Cuban bloggers under attack
An alleged assault on Generación Y's Yoani Sánchez demonstrates the Castro regime's fear of free expression on the web. Nick Caistor reports
16 Nov 09

An alleged assault on Generación Y’s Yoani Sánchez demonstrates the Castro regime’s fear of free expression on the web. Nick Caistor reports

Two of Cuba’s most prominent bloggers have alleged they were apprehended, taken into unmarked cars and beaten up as they were on their way to a peaceful demonstration in the Cuban capital Havana on 6 November.

The attacks left Yoani Sánchez (whose blog Generación Y has won her the Spanish Ortega y Gasset prize in 2008 and the Mary Moors Cabot award from Columbia University for Internet journalism) needing to walk with a crutch for several days.

Yoani wrote that she was bundled into a car by two men, “one of whom put his knee on my chest while the other, from the seat next to me, kept punching me in the face”. The men warned her to stop “clowning around” before dropping her off back near her home. Her companion Orlando Luis Pardo Lazo was also seized, and has posted images of the damage to his neck on his blog.

Another Cuban blogger, Claudia Cadelo, is reported to have been picked up by a police car at the same time.
The two bloggers were walking to Calle 23 and Avenue G where up to one hundred demonstrators were calling for an end to violence against anyone expressing dissenting views on the island, now ruled by Ráúl Castro, the younger brother of Fidel Castro.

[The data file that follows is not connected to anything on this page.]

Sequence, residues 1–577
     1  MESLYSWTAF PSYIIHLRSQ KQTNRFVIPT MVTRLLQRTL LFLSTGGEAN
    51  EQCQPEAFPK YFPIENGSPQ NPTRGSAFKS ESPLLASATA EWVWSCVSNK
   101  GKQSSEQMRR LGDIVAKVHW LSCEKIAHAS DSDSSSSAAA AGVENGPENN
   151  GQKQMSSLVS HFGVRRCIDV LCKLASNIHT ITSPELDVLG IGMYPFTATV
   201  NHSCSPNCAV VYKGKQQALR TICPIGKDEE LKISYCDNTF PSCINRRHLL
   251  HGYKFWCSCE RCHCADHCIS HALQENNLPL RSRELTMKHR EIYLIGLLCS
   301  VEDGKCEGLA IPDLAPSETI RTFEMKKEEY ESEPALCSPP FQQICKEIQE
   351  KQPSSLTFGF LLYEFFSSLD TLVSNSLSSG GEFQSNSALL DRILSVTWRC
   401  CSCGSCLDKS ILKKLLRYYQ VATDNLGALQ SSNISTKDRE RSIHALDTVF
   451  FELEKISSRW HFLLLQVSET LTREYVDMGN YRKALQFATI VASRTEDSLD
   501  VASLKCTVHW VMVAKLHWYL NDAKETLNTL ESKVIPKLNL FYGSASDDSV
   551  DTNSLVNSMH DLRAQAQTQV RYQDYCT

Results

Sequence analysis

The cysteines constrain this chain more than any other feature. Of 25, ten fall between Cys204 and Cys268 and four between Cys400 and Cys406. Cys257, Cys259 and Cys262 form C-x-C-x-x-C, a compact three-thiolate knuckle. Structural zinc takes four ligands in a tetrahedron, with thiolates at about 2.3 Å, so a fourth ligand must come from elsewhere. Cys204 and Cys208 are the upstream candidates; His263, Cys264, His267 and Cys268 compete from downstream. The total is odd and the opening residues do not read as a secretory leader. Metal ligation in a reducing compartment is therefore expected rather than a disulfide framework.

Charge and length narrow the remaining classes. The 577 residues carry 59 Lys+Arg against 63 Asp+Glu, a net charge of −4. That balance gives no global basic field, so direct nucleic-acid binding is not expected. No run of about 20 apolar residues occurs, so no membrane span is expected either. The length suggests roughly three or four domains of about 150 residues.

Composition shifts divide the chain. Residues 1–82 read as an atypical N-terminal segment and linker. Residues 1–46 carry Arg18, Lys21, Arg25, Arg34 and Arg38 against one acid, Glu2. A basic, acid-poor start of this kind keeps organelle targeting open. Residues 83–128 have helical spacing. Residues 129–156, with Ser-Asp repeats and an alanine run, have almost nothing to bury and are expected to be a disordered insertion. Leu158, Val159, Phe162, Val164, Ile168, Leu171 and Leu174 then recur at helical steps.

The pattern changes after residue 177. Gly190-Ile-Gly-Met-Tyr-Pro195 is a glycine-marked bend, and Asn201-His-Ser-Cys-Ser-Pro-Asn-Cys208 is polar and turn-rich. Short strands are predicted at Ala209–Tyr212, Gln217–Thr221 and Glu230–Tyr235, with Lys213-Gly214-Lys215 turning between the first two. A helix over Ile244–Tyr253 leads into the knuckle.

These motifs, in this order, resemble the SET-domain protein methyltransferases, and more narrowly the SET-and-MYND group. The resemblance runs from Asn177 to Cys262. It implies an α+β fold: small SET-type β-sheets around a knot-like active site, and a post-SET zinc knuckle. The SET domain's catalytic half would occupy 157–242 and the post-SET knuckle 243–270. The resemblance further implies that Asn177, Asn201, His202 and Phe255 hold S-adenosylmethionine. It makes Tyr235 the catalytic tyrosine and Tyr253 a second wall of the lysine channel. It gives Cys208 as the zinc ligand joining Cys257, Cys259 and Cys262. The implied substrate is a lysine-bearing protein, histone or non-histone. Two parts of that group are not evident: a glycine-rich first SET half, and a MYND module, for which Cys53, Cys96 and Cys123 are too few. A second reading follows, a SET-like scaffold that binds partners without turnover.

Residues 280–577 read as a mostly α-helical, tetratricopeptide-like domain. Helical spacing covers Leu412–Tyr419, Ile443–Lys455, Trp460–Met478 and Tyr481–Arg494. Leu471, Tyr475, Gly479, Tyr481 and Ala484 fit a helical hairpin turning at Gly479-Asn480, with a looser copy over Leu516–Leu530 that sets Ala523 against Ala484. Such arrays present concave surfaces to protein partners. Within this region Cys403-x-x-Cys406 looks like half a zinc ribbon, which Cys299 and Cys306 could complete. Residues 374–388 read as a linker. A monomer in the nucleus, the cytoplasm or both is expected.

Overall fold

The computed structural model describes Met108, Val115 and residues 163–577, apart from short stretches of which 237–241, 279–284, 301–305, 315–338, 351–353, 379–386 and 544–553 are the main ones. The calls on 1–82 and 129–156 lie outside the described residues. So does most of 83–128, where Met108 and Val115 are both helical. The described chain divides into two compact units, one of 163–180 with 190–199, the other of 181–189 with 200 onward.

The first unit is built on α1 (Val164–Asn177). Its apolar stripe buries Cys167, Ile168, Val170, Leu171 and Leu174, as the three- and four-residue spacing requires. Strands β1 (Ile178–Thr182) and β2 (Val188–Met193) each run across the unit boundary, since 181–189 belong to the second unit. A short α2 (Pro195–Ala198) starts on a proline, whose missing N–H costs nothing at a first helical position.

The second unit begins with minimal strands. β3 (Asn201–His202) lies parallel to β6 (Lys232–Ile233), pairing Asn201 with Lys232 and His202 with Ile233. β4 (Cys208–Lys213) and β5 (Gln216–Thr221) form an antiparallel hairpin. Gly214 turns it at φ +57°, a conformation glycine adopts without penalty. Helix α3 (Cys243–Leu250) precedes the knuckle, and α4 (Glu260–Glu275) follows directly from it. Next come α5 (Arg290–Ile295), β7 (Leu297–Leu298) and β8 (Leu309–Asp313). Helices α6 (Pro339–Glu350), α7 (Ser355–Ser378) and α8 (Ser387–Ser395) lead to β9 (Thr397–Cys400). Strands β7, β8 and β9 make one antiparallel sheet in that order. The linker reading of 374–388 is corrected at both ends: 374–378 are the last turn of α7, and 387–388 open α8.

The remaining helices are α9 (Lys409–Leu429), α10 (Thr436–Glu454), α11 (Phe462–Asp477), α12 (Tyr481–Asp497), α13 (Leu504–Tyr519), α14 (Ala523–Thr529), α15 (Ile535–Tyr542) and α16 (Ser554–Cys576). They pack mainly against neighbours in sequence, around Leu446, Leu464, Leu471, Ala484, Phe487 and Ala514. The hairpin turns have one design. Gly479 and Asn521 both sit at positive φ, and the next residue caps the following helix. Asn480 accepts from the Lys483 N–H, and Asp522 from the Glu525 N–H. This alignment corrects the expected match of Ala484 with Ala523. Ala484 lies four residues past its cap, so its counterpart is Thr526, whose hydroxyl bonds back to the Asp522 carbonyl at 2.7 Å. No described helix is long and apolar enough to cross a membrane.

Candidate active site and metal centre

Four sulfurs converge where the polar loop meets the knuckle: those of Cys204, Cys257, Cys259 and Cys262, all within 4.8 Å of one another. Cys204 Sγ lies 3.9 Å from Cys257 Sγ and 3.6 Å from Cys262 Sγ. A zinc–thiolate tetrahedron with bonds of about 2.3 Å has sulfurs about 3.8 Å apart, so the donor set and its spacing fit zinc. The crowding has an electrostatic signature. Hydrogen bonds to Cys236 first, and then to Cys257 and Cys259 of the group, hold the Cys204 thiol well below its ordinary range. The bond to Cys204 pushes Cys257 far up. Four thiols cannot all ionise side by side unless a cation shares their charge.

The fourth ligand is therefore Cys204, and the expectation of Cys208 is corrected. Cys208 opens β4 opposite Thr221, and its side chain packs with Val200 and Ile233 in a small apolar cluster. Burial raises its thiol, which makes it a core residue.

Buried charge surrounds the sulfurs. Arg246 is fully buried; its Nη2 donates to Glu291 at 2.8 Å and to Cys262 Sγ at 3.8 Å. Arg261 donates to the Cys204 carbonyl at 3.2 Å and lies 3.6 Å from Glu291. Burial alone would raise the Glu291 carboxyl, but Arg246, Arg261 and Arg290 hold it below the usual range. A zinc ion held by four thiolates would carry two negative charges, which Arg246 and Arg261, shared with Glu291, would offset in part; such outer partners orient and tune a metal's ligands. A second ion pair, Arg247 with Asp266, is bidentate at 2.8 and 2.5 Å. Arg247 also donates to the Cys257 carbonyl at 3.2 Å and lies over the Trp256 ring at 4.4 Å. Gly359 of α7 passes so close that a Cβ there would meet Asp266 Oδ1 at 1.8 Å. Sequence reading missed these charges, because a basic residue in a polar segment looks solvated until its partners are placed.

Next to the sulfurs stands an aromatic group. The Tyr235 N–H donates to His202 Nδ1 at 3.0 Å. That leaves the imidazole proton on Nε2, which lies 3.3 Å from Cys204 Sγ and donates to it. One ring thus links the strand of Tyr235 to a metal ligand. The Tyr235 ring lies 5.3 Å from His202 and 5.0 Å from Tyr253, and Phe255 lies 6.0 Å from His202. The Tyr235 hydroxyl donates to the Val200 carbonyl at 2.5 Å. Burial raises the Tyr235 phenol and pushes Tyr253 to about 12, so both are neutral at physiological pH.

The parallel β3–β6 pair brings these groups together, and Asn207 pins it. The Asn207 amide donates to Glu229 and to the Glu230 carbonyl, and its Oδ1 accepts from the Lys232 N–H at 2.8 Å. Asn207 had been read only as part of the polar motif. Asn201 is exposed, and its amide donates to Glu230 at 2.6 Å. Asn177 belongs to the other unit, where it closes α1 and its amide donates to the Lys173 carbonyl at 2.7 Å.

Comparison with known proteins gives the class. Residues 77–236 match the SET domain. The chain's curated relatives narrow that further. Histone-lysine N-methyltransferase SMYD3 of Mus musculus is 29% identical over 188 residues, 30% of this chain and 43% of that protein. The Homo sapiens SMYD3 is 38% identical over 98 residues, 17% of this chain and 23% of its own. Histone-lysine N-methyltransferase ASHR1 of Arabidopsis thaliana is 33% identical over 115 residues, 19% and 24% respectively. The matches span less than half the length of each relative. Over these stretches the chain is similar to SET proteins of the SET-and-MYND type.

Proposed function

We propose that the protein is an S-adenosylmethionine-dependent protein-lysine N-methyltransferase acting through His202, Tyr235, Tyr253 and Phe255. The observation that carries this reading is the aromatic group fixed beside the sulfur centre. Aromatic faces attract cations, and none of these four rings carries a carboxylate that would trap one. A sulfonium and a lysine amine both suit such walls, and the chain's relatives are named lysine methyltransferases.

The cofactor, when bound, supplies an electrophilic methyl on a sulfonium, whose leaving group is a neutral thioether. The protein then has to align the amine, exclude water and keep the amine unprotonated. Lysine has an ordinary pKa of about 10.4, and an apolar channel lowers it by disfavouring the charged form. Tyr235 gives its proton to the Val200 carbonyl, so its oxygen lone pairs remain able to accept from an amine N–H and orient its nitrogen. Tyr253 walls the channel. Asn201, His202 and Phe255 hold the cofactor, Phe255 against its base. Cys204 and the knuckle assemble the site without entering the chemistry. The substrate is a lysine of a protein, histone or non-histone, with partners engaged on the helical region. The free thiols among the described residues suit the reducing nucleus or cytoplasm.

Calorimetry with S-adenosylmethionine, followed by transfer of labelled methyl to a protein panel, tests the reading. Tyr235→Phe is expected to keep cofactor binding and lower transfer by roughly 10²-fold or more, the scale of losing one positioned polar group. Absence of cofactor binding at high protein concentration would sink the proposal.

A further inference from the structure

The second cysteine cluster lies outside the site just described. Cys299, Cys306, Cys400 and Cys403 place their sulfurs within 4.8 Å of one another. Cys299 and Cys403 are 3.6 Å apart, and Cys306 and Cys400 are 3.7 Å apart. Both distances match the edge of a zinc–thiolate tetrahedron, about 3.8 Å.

According to Yoani, passers-by were told not to interfere because “these people are counter-revolutionaries”. In response, she has posted photos of the people she says keep her under constant surveillance.

Under Raúl Castro, it is no longer illegal for private individuals to own a computer, but the internet networks are kept under close watch by the Cuban Supervision and Control Agency, run by the Cuban Information Ministry. The internet situation in Cuba is complicated by the US embargo on trading with the island, which means that search engines such as Yahoo! And Google are not directly accessible.

According to Reporters without Borders, Cuban internet users face up to 20 years in prison if they post an article considered to be “counter-revolutionary” on a foreign-hosted website, and five years if they connect illegally to the international network. In one such case in 2007, Oscar Sánchez Madan, correspondent for Cubanet in Matanzas province, was sentenced to four years in prison “for tendency to social dangerousness”.

Yoani Sanchez is 32 years old, and has been posting daily on her blog since early 2007. She says Generacion Y is written “for those born in Cuba in the 70s and 80s, those marked by school camps in the countryside, Russian dolls, illegal exits, frustration”. It provides an individual, honest and often very funny comment on everyday life in Cuba, with all the hardships, petty restrictions and lack of possibilities.

Her blog is reported to receive more than a million hits per month, and is translated into 15 or more languages. This gives her many more readers outside Cuba, where Generación Y has been blocked by the authorities since March 2008.

Since the incident on 6 November, Yoani has not been able to re-establish internet connections. She now blogs via SMS messaging.

“I don’t think their attack is against the person of Yoani Sánchez, but rather against the blogger phenomenon, a phenomenon of different opinions that is taking place in Cuba,” Yoani Sánchez said in an interview with the blog Mediaite. “They still haven’t understood the potential of the web, and that these repressive measures do nothing but increase the number of hits on my blog,” she said.

There has been no official comment on the incident inside Cuba, and there is no independent confirmation of Yoani’s claims, but the Cuban authorities, under Raúl Castro, as much as when his brother was in power, continue to clamp down hard on dissenting political voices.